93The offender left school, having attained the School Certificate. Thereafter, he was employed in various unskilled jobs and worked as a truck driver for 20 years prior to his arrest. Until about five years ago, the offender was an alcoholic. He told the psychologist that his father was a heavy drinker and described a difficult childhood and adolescence. The offender has been in several de facto relationships. He has two sons aged 18 and 14 years. He has been with his current partner for 8 years, who is supportive of him.
94Mr Watson-Munro expressed the opinion in his report dated 15 March 2012 that the offender has suffered a range of symptoms referable to an “Anxiety Disorder” according to DSM-IVTR criteria. Mr Watson-Munro opined that the offender’s primary problems relate to his incarceration and his appreciation of the gravity of the verdicts. He has ongoing anxiety and diminished self-esteem. The offenders overall mood state had deteriorated arising from the fact that he is in protective custody. Mr Watson-Munro stated that the offender is having no treatment and is currently suffering from suicidal ideation to the point where a psychiatrist consulted him on one occasion but no medication was prescribed, which Mr Watson-Munro considered, was indicated. In addition, he suffers from Sleep Apnoea which Mr Watson-Munro reported, should be addressed as a matter of urgency. The psychologist believed that the offender would respond best to Cognitive Behaviour Therapy to teach him effective skills to deal with his anxiety, depression and diminished self-esteem.
95It was not submitted by Mr Hanley that the offender’s health is a factor tending to mitigate punishment and enlivens the principles in R v Smith (1987) 44 SASR 587. There is no evidence to suggest that the concerns raised by Mr Watson-Munro as to the offender’s health cannot be adequately managed by the prison medical staff and that imprisonment will be a greater burden for him by his reason of his mental or physical condition.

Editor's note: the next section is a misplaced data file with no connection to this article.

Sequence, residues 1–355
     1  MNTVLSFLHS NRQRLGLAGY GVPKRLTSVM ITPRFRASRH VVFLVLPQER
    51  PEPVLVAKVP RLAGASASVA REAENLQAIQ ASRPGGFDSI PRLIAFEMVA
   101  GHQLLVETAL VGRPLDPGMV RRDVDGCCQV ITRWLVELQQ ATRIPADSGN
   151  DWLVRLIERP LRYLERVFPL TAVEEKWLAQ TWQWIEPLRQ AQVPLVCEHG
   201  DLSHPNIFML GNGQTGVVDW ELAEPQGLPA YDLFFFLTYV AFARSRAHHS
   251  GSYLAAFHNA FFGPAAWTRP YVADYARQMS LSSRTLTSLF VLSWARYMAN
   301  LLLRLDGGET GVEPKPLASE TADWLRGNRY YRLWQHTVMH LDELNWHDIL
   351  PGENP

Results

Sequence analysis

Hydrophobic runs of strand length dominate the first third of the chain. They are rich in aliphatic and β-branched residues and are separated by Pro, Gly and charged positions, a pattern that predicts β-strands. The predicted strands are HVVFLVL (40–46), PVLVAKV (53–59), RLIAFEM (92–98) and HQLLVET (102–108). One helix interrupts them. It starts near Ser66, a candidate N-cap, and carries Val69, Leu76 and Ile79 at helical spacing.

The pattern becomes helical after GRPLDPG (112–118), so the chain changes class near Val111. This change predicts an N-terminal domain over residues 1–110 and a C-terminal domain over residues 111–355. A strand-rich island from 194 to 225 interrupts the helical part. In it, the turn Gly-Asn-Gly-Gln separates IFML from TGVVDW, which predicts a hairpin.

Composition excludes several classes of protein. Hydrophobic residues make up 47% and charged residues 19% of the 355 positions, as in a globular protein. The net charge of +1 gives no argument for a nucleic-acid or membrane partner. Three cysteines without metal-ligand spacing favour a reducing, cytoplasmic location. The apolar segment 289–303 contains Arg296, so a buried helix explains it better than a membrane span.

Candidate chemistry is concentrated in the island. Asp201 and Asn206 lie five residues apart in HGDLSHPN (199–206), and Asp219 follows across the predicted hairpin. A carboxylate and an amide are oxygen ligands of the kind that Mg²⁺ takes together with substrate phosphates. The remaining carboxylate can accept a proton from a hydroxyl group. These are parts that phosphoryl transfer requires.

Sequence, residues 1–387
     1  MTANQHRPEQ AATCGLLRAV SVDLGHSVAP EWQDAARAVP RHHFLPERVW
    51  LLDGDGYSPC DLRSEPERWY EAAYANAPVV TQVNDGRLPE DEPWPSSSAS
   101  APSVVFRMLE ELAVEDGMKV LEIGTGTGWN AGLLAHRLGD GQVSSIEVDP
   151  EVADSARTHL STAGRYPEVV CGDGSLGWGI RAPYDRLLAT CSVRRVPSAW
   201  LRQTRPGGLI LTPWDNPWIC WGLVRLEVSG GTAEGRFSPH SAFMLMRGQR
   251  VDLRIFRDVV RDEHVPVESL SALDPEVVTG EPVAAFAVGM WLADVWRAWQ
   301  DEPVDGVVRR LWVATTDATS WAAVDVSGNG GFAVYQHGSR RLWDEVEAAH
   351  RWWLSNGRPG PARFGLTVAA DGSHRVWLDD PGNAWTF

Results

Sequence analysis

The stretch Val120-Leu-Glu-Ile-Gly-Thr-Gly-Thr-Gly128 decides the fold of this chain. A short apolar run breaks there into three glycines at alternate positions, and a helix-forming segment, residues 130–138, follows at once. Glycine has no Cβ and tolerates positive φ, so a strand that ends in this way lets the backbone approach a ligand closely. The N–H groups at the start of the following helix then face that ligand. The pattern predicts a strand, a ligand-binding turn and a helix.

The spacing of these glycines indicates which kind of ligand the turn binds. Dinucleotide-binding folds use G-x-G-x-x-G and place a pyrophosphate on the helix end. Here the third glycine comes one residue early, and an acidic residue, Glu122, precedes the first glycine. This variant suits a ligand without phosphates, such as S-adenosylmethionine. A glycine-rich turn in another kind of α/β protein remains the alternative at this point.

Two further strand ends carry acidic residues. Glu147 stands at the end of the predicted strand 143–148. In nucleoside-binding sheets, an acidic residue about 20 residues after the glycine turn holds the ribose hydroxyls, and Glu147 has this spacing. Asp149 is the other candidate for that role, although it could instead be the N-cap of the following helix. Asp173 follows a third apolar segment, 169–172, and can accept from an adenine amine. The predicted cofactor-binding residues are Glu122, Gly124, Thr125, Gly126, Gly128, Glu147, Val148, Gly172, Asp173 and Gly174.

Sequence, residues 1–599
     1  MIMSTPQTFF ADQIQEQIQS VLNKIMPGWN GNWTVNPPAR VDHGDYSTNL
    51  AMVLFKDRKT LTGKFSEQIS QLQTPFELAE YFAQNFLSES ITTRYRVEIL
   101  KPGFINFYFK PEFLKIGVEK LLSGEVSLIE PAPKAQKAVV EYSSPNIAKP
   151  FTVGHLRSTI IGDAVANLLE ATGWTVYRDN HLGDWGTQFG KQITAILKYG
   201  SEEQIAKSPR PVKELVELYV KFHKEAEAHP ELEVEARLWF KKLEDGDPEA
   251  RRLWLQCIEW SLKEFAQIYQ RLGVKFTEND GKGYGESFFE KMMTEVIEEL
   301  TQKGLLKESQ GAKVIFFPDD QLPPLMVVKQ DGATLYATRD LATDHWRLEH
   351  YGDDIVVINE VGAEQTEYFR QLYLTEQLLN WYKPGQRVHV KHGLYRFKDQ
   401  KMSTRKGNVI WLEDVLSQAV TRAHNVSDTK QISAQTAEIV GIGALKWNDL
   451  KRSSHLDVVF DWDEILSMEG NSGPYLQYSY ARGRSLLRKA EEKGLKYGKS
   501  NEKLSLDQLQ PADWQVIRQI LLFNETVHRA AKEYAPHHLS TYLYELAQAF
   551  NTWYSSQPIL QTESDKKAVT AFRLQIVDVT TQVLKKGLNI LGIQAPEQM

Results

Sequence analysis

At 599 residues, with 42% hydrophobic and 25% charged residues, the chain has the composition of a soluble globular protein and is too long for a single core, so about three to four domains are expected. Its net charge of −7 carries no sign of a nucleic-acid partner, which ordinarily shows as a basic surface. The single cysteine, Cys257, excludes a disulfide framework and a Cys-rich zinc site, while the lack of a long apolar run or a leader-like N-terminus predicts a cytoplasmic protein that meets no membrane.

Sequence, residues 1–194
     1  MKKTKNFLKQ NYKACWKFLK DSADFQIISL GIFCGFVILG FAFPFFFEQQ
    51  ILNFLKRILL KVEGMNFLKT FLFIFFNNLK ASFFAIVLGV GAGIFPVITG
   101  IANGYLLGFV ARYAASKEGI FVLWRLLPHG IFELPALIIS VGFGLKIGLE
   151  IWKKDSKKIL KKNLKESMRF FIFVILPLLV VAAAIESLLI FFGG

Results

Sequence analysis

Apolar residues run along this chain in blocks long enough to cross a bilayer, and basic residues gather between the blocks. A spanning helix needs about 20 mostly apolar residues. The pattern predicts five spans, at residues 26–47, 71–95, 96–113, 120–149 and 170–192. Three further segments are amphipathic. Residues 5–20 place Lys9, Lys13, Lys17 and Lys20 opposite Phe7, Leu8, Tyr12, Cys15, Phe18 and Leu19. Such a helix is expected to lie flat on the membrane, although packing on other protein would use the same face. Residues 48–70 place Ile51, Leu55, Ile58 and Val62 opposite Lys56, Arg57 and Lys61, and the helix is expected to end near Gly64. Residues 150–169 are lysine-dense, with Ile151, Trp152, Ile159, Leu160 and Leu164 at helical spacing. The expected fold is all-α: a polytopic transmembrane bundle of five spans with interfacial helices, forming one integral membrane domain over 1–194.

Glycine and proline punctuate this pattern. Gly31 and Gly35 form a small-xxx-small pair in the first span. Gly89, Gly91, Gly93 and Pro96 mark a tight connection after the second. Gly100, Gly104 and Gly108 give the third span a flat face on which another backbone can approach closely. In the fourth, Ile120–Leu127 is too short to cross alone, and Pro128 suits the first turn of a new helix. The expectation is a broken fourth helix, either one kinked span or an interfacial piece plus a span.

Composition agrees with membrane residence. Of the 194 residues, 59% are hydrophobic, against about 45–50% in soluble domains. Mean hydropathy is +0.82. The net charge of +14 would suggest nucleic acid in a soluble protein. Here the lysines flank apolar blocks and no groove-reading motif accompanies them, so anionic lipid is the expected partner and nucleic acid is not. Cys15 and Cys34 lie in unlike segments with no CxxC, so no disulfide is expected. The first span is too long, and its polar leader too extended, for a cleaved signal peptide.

96In a letter dated 6 November 2011, Graham Lawton, the offender’s father recounts his son’s assistance to an elderly neighbour, which he states is but one example of the offender’s compassion towards others. Wendy Lawton, the offender’s mother, refers in her letter to her son’s love and support and describes, in particular, his care and attention for his brother James, who suffers from a tumour. Leone Davidson, the offender’s aunt, also brings to the court’s attention, the offender’s compassion, love and importance in the lives of his family and close relations. Sharon Miller, in a letter dated 9 March 2012 states that the offender is a placid, loving, devoted father and a respectful considerate partner. I take all these matters into account.
97Mathew Lawton does not have a significant criminal record, which is a mitigating factor that I take into account. He has no convictions since 1995 and the offences are relatively minor. I give to this consideration, modest weight in mitigation, owing to the gravity of the present offences. It does also lessen the need for personal deterrence and protection of the community. Matthew Lawton has neither expressed nor shown contrition for his offending and no allowance can be made for those factors in mitigation. As he has not accepted responsibility for his actions, his prospects of rehabilitation remain guarded. Notwithstanding his strong family support and lack of prior offending, I am unable to make a positive finding on the balance of probabilities that he is unlikely to re-offend or has good prospects of rehabilitation.